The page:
MCLAUGHLIN: Is it a blessing or a curse to be front runner?

BUCHANAN: It's both. I mean, it's a blessing because you can get all this money --.

MCLAUGHLIN: Is it more a blessing than a curse?

BUCHANAN: Well, the front runner gets chopped up bad in the --

MCLAUGHLIN: There’s more press coverage for the frontrunner.

BUCHANAN: He gets chopped up. Dole got chopped up.


ROGAN: There are conservatives --

MCLAUGHLIN: That’s what happened to you when you ran for president.

BUCHANAN: I was never front runner.


MCLAUGHLIN: You would be president today, wouldn't you? You ran twice.

BUCHANAN: Three times.

MCLAUGHLIN: Three times.


MCLAUGHLIN: My new book on you.

BUCHANAN: I don't have a dynasty either.

CLIFT: Thank goodness.

ROGAN: Yes, just very quickly, I think the conservative activists, the problem with Jeb Bush is he is unpopular because of Common Core, which is an education federal thing, federal mandate for. So, conservative activists have problem with that --

BUCHANAN: Immigration.

ROGAN: And immigration.

MCLAUGHLIN: Let's hear a little bit more on bush on videotape. Who is Jeb Bush? Here is who?


MCLAUGHLIN (voice-over): Born 1953, 61 years of age. Bilingual, fluent in Spanish. Religion: Catholic. Married, 1974, 41 years. Wife, Columba, a Mexican-born U.S. citizen. Three children: Noelle, Jeb Jr. and George. Son George is the Texas land commissioner, responsible for managing billions of dollars in state assets and mineral rights.

Jeb's work history: banking, real estate, entrepreneurial ventures and, of course, governor of Florida two terms, 1999 to 2006. .


MCLAUGHLIN: Question: regardless of his last name, does Jeb Bush's previous experience qualify him for the Oval Office?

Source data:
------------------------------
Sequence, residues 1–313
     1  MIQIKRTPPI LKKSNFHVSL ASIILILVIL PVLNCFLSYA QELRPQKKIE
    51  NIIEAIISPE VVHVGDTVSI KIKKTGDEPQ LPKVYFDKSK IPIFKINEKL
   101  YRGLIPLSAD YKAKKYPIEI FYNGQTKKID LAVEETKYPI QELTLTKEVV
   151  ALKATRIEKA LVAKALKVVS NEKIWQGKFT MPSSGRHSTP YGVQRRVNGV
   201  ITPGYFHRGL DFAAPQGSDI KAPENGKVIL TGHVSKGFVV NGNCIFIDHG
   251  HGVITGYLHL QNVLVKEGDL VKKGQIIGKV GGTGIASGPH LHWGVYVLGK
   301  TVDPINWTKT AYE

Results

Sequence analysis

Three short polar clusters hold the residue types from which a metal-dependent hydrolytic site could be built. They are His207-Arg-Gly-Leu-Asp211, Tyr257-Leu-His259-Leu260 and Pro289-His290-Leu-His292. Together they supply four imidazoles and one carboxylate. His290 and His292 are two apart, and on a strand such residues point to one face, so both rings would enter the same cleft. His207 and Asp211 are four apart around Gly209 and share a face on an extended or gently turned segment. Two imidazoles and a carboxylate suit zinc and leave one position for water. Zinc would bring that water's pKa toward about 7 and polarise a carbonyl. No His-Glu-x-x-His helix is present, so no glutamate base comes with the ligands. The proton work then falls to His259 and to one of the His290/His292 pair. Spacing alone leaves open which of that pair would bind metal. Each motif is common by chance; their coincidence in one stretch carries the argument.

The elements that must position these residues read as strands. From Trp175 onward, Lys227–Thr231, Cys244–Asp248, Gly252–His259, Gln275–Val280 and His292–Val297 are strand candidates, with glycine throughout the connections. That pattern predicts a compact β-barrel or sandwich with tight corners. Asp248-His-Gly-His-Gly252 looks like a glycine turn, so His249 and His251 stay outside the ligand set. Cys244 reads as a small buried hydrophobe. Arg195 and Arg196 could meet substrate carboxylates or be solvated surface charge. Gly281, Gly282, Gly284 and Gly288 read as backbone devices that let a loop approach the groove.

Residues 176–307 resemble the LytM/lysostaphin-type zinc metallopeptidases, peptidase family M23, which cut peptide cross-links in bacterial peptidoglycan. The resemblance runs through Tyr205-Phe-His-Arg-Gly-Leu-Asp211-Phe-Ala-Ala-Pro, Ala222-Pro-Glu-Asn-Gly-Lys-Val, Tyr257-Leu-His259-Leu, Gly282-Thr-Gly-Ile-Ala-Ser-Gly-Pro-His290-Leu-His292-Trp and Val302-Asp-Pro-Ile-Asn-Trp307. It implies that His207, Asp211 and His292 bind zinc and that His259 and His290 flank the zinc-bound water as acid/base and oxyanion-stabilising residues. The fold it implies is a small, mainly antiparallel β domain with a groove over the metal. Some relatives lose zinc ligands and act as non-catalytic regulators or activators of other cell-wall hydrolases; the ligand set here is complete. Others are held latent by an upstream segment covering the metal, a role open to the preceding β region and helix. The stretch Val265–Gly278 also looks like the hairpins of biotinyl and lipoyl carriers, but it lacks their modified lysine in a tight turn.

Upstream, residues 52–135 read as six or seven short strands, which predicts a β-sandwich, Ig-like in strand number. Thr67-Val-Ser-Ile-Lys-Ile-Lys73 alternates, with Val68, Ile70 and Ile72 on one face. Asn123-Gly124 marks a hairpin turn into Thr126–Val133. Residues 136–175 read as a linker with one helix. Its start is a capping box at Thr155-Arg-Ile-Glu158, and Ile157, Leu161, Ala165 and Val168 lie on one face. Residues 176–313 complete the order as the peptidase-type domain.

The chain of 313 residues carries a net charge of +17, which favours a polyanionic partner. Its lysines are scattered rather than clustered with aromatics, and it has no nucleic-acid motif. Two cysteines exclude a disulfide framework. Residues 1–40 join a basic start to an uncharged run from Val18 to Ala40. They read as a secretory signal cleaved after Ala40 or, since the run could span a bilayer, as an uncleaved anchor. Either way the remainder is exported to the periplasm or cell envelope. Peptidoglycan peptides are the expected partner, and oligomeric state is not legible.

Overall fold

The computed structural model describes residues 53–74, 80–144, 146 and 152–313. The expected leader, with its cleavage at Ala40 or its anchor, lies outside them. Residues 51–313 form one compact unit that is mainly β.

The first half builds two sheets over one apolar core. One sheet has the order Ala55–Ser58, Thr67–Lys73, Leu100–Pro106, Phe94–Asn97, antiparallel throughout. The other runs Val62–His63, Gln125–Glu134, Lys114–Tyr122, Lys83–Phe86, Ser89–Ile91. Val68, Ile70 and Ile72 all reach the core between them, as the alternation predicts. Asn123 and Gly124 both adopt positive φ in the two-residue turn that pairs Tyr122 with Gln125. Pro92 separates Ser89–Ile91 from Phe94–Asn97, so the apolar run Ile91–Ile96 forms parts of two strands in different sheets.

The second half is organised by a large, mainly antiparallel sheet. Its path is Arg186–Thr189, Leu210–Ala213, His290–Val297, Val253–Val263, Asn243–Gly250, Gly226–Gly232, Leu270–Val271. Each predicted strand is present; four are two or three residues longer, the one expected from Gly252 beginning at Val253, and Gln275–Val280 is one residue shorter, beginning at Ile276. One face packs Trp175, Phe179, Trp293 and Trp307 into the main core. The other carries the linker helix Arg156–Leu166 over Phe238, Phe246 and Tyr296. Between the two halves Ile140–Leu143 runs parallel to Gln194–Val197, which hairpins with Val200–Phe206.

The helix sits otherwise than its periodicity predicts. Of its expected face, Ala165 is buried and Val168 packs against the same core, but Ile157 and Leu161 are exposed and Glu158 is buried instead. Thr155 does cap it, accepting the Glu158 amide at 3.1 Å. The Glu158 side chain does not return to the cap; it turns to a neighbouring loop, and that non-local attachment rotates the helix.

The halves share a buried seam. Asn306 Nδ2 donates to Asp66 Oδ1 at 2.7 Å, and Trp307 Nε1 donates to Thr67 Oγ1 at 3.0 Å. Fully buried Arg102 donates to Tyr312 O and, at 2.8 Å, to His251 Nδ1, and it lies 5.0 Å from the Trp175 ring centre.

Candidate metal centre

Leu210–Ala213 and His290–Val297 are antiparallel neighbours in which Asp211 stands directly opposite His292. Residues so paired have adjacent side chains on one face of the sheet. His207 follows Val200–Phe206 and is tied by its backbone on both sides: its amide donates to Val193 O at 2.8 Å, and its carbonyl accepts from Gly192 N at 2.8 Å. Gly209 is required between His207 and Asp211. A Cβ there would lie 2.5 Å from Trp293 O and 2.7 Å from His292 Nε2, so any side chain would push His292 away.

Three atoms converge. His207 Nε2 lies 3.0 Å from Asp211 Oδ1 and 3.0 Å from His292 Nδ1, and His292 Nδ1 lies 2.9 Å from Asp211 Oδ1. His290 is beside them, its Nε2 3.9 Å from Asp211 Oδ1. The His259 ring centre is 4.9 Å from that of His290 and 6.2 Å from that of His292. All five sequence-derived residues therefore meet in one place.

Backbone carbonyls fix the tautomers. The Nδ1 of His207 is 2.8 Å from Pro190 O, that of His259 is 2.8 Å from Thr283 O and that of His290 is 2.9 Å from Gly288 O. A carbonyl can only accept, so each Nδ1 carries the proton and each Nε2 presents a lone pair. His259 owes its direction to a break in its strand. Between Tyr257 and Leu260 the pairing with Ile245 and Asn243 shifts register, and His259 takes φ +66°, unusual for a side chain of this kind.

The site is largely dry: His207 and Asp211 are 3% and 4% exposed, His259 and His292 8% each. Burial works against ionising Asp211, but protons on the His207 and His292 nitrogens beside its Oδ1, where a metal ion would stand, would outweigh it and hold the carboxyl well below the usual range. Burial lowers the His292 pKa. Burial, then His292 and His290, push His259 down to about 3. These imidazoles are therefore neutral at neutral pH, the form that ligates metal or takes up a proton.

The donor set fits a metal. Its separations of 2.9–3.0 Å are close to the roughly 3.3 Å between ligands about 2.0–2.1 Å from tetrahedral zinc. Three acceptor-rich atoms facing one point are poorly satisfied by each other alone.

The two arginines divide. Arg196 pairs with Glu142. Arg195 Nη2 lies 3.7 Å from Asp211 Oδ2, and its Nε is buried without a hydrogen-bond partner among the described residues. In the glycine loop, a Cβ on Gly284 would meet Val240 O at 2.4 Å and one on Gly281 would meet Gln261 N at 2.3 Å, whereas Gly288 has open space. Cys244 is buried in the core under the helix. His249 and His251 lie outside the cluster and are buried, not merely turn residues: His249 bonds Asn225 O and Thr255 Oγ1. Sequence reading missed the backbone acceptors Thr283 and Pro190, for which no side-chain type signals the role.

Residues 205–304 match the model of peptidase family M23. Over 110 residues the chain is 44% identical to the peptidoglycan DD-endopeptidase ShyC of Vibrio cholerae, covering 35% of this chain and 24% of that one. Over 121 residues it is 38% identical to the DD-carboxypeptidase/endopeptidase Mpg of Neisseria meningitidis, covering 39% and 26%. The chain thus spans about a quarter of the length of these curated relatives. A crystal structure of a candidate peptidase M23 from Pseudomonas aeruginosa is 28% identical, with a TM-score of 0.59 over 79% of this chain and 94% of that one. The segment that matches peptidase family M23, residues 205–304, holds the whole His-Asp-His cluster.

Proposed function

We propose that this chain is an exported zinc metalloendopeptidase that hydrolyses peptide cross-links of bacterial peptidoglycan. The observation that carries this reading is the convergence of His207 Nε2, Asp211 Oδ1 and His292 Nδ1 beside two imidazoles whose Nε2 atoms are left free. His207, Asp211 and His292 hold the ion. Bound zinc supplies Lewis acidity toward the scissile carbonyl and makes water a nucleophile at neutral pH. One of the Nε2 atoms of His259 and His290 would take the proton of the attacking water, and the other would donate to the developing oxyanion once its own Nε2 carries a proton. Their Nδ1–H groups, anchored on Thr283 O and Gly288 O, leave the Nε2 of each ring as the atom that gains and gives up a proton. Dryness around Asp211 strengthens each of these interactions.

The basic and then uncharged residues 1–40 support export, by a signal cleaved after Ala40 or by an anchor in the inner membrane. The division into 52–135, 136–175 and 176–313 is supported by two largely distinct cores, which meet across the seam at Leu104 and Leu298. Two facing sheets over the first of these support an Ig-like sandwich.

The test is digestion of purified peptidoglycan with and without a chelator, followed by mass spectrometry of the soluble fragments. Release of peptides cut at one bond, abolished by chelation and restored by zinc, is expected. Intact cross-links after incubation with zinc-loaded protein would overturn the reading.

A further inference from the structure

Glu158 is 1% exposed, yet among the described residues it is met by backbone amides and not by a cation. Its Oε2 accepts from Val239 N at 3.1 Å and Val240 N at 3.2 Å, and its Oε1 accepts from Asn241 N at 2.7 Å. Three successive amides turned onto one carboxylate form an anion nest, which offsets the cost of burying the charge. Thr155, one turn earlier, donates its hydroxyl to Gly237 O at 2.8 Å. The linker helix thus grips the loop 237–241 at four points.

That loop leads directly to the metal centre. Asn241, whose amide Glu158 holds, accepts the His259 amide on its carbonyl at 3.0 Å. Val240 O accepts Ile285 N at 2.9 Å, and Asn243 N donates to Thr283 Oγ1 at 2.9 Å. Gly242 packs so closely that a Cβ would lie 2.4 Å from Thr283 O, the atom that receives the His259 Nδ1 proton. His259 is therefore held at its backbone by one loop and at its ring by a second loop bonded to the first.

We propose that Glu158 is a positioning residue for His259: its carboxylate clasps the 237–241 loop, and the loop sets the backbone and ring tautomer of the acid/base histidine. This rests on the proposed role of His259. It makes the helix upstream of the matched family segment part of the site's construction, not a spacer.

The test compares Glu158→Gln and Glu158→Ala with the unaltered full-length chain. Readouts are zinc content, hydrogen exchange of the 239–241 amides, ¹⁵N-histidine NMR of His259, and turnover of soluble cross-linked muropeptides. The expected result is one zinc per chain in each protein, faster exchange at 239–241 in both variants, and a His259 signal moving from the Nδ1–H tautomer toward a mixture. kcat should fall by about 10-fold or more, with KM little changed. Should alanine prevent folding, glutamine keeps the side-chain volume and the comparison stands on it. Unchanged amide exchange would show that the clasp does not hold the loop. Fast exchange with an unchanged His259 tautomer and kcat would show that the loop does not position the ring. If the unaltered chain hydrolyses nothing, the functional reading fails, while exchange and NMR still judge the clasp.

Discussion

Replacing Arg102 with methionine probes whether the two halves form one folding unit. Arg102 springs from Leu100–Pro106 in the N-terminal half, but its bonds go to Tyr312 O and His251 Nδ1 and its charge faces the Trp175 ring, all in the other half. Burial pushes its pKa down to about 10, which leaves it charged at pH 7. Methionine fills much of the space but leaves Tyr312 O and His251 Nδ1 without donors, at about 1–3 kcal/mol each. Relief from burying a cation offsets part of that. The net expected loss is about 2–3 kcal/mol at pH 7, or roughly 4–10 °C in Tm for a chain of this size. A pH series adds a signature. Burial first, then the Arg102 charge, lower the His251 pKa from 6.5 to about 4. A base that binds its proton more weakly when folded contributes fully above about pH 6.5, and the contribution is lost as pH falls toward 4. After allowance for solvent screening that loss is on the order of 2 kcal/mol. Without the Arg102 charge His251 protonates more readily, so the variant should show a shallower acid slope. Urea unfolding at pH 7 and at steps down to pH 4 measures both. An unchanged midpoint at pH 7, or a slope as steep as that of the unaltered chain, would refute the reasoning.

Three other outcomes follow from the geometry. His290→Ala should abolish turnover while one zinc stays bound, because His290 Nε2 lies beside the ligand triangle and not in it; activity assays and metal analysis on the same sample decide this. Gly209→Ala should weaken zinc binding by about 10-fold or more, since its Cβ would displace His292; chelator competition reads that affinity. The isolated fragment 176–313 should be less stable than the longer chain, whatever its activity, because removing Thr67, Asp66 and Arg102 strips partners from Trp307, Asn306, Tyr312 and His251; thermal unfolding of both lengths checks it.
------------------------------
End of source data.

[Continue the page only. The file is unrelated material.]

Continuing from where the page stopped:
Tom Rogan?

ROGAN: Yes, I think it does if we look at previous presidential candidates in comparison, but ultimately, you know, the question of qualifications I think becomes -- you know, any candidate can have the qualifications if the primary voters like them. That’s going to be --


MCLAUGHLIN: Two terms as governor --


ROGAN: And he has business experience.

MCLAUGHLIN: Exciting case.

ROGAN: He's intellectually curious. He speaks Spanish.


MCLAUGHLIN: What's the problem of the current governor down there who is going to have a second term, but is a figure of, what?

BUCHANAN: Controversy.

MCLAUGHLIN: Contradiction in a way.

BUCHANAN: John, he’s got the experience, he’s got the credential, the resume, no doubt about it. But, you mentioned immigration, you mentioned Common Core, and there's a sense on the part of an awful lot of conservatives that he is the moderate candidate who is going to be put up as McCain was, and the others were. And, frankly, some of them will go after him very, very hard, we’re going to see what he's made of.

MCLAUGHLIN: Is he not eminently qualified?

BUCHANAN: He’s -- I put qualified under the --

MCLAUGHLIN: Two terms as governor of Florida.


BUCHANAN: He’s part of a family who’s been involved --


ZUCKERMAN: He understands all the issues like no other candidate that I’ve heard.

CLIFT: He can answer questions when he doesn't even know what the question is going to be.


CLIFT: I couldn't resist that.

I think his biggest challenge --

ZUCKERMAN: Thank you. I appreciate that. That disqualifies me for a lot of things.


CLIFT: His biggest challenge is that he hasn't been in the arena for 10 years.


CLIFT: He's rusty. He's not a charismatic campaigner and --.

MCLAUGHLIN: Well, how much of the non-aligned voters in America will Bush be able to carry? Non-aligned.